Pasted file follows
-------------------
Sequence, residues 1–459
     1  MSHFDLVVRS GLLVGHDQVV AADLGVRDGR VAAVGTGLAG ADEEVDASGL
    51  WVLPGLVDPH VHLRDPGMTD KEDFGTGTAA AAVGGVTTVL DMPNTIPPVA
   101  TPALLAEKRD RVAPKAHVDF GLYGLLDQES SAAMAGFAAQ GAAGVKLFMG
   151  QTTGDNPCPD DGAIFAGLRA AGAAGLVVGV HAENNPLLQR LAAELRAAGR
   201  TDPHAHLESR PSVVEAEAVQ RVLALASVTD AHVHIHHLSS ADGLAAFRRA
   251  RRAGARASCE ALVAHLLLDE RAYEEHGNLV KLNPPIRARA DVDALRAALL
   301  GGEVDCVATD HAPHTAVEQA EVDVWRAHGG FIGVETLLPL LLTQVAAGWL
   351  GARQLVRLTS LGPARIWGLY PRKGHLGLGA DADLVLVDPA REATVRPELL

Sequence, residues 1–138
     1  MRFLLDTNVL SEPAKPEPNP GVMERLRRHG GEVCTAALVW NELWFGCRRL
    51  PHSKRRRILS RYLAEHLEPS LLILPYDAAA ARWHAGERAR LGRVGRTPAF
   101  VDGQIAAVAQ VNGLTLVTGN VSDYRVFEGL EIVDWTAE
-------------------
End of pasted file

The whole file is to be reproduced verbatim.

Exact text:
Sequence, residues 1–459
     1  MSHFDLVVRS GLLVGHDQVV AADLGVRDGR VAAVGTGLAG ADEEVDASGL
    51  WVLPGLVDPH VHLRDPGMTD KEDFGTGTAA AAVGGVTTVL DMPNTIPPVA
   101  TPALLAEKRD RVAPKAHVDF GLYGLLDQES SAAMAGFAAQ GAAGVKLFMG
   151  QTTGDNPCPD DGAIFAGLRA AGAAGLVVGV HAENNPLLQR LAAELRAAGR
   201  TDPHAHLESR PSVVEAEAVQ RVLALASVTD AHVHIHHLSS ADGLAAFRRA
   251  RRAGARASCE ALVAHLLLDE RAYEEHGNLV KLNPPIRARA DVDALRAALL
   301  GGEVDCVATD HAPHTAVEQA EVDVWRAHGG FIGVETLLPL LLTQVAAGWL
   351  GARQLVRLTS LGPARIWGLY PRKGHLGLGA DADLVLVDPA REATVRPELL

Sequence, residues 1–138
     1  MRFLLDTNVL SEPAKPEPNP GVMERLRRHG GEVCTAALVW NELWFGCRRL
    51  PHSKRRRILS RYLAEHLEPS LLILPYDAAA ARWHAGERAR LGRVGRTPAF
   101  VDGQIAAVAQ VNGLTLVTGN VSDYRVFEGL EIVDWTAE